New Cobra Code proclaims school’s values
“You’ve got to stand for something
Or you’re gonna fall for anything”
–John Cougar Mellencamp
We hope you had a great summer and are thrilled to welcome you back. It’s wonderful having students, faculty, and staff on campus, and from what we’ve heard, parents were more than ready for their children to return to school.
The commencement of school marks one of the most exciting and inspiring times of year. It offers all of us a chance to begin anew, a clean slate if you will, and the opportunity to be who we wish. We hope the first week of school has gone well for you. It’s also wonderful starting this year in a different place than last year when we knew much less about COVID.
For the past two years, we focused on maintaining the excellent Keystone program and ensuring that students continue to learn and grow in the face of the pandemic. As opposed to what we’ve heard from other educators, Keystone Cobras did not suffer significant learning loss; this is a testimony to the dedication of our students and the outstanding work of our faculty and staff. Academic excellence remained a pillar of our community in the midst of the worst pandemic in over one hundred years.
As we begin a new school year, we would like to re-emphasize Keystone’s other three pillars – ethical growth, community involvement, and responsible leadership. Although we continued to teach these foundational principles in distance learning and when we returned to campus, we are starting this year in a very different world and there are now more opportunities to emphasize all elements of our mission.
To begin this school year, the Keystone faculty/staff spent significant time during our In-Service last week studying the Keystone mission statement and our four school’s four pillars.
Teaching these four pillars to children ranging in age from 3 years old to seniors in high school can be both challenging and incredibly rewarding. As you would expect, these lessons look quite different depending on the development level of the child. Helping a four-year old understand ethical growth will not look the same as when we’re discussing this concept with a sophomore.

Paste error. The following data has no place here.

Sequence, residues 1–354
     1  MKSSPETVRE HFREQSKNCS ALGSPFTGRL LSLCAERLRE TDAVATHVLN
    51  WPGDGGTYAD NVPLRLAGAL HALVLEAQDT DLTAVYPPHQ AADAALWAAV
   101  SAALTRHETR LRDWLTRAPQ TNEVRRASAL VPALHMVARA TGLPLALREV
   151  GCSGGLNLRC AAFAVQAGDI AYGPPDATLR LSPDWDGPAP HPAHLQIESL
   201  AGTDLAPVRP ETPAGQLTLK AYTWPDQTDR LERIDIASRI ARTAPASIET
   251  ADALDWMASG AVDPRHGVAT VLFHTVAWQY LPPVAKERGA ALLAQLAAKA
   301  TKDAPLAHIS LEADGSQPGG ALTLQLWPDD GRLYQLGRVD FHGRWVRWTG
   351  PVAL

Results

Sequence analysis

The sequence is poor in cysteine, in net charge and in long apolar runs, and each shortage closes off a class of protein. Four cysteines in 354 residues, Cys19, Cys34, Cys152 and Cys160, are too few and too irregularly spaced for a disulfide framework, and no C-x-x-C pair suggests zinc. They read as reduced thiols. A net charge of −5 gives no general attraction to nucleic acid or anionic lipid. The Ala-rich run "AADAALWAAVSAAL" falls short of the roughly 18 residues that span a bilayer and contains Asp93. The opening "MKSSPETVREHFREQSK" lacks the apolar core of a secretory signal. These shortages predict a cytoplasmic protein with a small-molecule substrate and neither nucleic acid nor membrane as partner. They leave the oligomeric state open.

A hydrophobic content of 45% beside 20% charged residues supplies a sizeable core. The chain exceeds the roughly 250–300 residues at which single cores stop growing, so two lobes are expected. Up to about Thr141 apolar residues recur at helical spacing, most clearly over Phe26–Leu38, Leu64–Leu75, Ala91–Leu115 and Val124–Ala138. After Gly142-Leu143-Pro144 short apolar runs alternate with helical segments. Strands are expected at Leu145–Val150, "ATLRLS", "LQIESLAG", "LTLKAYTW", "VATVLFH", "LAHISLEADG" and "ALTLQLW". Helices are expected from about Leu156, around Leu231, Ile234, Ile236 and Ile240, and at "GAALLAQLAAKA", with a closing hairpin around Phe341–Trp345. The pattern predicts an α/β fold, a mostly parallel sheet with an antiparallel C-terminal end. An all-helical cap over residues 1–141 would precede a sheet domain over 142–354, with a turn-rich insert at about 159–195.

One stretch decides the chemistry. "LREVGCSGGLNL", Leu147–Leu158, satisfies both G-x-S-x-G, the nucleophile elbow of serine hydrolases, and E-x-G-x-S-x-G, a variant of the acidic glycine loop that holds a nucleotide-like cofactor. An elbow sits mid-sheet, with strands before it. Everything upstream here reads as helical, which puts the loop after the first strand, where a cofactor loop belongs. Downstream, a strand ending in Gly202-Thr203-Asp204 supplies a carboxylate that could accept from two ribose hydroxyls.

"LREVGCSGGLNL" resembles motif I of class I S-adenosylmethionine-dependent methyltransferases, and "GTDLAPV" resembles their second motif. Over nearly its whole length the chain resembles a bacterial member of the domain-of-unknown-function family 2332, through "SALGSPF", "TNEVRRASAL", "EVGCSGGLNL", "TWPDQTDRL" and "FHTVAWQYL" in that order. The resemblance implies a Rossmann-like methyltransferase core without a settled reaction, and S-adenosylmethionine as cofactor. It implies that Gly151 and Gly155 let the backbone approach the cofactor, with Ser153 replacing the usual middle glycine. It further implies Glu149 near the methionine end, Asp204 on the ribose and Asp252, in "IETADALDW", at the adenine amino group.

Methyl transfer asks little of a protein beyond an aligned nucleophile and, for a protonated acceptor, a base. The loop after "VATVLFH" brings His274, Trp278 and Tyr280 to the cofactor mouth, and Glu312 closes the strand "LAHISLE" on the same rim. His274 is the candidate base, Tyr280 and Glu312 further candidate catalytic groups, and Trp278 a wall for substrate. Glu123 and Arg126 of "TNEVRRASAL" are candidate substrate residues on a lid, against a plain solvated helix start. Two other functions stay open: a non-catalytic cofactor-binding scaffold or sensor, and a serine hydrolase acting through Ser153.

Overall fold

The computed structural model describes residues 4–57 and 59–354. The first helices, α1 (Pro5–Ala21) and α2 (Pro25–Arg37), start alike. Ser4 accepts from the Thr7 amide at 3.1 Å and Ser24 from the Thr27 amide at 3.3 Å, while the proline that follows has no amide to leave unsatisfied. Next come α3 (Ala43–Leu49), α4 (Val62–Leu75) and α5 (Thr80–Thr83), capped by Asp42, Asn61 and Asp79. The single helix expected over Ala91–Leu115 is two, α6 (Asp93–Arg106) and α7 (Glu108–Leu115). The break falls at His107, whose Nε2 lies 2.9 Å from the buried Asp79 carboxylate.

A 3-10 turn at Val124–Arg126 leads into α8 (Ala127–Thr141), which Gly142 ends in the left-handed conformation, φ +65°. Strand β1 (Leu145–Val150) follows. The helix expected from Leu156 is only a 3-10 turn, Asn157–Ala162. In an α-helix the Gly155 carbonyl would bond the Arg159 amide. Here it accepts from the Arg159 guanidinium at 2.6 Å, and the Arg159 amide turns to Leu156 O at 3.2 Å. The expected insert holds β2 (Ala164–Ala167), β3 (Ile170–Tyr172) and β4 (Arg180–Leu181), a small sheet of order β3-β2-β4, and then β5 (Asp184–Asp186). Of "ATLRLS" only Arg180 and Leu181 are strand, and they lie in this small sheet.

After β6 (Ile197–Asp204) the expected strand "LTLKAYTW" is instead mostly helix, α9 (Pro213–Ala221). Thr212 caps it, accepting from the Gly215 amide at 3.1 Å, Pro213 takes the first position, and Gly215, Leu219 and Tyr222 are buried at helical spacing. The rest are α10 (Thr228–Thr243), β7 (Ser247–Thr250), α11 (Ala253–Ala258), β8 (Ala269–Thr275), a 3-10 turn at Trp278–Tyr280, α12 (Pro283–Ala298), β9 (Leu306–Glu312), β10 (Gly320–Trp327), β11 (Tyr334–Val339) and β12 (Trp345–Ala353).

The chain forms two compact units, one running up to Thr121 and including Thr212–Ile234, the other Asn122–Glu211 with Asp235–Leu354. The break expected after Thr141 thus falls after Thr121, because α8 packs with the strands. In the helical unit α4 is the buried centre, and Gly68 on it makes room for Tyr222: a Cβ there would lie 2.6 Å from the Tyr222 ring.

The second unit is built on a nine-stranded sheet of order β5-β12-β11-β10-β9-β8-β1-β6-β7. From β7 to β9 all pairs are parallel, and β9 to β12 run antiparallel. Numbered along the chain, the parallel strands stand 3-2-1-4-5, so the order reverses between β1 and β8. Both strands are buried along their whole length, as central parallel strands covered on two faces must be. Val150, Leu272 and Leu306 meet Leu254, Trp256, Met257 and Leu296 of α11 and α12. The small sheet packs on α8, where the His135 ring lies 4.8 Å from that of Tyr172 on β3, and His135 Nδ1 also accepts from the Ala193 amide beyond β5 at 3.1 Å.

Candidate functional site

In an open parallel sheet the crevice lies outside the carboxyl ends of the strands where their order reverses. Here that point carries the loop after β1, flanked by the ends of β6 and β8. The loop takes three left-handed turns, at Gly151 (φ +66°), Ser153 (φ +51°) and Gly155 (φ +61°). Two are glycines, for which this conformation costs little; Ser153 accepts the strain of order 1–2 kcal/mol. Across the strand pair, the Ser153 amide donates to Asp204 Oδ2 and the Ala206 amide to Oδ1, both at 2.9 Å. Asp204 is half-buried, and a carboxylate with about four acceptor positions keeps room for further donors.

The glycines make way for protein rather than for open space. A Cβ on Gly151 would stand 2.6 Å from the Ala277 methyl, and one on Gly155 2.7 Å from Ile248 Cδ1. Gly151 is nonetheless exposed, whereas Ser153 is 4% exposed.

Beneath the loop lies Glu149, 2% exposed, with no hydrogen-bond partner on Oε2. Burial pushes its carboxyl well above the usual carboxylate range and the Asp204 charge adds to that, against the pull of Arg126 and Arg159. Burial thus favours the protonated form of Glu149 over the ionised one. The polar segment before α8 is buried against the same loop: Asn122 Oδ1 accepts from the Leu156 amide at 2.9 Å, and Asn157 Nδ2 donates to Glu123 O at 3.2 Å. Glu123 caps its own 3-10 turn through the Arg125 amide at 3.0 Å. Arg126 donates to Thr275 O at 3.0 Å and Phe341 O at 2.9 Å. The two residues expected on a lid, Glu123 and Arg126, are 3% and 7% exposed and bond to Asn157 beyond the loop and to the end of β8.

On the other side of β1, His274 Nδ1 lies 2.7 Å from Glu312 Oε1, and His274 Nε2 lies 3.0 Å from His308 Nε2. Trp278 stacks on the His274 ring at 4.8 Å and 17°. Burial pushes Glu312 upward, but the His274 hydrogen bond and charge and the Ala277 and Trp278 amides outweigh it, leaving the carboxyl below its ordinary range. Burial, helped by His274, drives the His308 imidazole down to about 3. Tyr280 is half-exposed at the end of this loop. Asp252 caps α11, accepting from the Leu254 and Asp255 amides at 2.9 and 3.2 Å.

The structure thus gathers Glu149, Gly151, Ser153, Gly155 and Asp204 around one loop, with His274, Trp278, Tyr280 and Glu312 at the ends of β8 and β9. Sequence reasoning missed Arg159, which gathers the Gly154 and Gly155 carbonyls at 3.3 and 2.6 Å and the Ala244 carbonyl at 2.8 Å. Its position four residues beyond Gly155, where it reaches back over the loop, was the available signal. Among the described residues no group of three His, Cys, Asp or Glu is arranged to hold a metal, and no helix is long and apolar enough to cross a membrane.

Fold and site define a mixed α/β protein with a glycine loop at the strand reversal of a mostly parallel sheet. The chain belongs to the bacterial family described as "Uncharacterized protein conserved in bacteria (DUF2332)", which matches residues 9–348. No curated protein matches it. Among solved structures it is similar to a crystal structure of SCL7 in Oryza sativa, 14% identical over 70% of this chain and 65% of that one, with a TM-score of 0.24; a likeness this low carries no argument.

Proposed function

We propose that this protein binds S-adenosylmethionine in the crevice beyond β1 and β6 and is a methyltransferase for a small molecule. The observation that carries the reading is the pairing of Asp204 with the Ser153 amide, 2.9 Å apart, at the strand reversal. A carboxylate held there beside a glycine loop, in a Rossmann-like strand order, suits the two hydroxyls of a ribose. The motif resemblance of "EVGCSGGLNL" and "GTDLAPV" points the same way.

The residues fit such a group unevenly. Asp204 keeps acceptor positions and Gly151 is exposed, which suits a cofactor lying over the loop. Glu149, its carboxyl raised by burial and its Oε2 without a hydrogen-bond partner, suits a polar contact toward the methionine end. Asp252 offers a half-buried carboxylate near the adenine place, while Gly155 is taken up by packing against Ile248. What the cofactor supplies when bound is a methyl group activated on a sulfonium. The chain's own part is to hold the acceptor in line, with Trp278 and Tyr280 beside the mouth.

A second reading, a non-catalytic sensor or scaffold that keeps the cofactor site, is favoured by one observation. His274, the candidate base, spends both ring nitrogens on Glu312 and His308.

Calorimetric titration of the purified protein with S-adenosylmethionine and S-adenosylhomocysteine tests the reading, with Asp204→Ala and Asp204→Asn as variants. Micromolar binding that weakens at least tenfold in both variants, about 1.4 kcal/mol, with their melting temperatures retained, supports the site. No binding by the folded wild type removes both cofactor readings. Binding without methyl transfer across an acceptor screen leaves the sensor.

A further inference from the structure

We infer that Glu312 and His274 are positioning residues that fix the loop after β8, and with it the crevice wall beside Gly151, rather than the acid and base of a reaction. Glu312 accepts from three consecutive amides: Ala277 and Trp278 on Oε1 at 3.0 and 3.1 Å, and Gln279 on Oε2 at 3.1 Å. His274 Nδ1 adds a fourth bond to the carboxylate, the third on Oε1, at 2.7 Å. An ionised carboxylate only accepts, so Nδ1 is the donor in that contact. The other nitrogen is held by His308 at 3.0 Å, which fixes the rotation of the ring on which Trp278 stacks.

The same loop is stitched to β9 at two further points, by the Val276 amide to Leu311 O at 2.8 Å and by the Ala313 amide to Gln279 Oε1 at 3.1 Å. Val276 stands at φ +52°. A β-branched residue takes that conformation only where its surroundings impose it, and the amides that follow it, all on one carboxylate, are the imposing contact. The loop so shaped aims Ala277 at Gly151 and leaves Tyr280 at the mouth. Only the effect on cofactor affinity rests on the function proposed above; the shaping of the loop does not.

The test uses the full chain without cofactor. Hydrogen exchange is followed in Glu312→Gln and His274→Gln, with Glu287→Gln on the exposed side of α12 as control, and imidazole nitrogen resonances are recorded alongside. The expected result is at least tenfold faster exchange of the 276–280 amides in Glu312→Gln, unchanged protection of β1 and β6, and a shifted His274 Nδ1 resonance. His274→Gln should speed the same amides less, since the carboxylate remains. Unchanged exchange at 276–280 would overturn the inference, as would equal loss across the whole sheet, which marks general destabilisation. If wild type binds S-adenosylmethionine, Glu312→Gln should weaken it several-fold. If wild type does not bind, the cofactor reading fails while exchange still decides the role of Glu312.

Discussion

Similarly, trying to help a young child comprehend responsible leadership or community involvement can be a tall order. Our pillars are laudable and inspiring, but they can sometimes feel abstract to young minds. To make academic excellence, ethical growth, community involvement, and responsible leadership more tangible for our students, Keystone teachers and staff members engaged in deep conversations where we broke down each pillar and dissected its meaning. We also looked for other words that epitomized these pillars.
We sought to find words that can drive the work we do and shape our daily behavior and interactions with one another whether it is among students or adults, or between members of different constituencies.
Collectively, we settled on these five words that comprise our new Cobra Code:
This code can elevate what we do in the classroom, the studio, the theater, on the courts and fields of play, our involvement in the community, and unscheduled time with each other. It can help students and adults be their best selves and enable children and adolescents to grow into excellent students and admirable people.
We will be posting this new code around campus, and we will be discussing it quite a bit. We hope and expect our students will demonstrate it in all they do: they will be curious and creative in their academic, artistic, and athletic pursuits; they will demonstrate empathy toward their peers and others; and they will seek out ways to serve others and make our world a better place. We hope you will join us in reinforcing these concepts at home so we can collectively help our students develop their full potential and become the children and young adults we want them to be.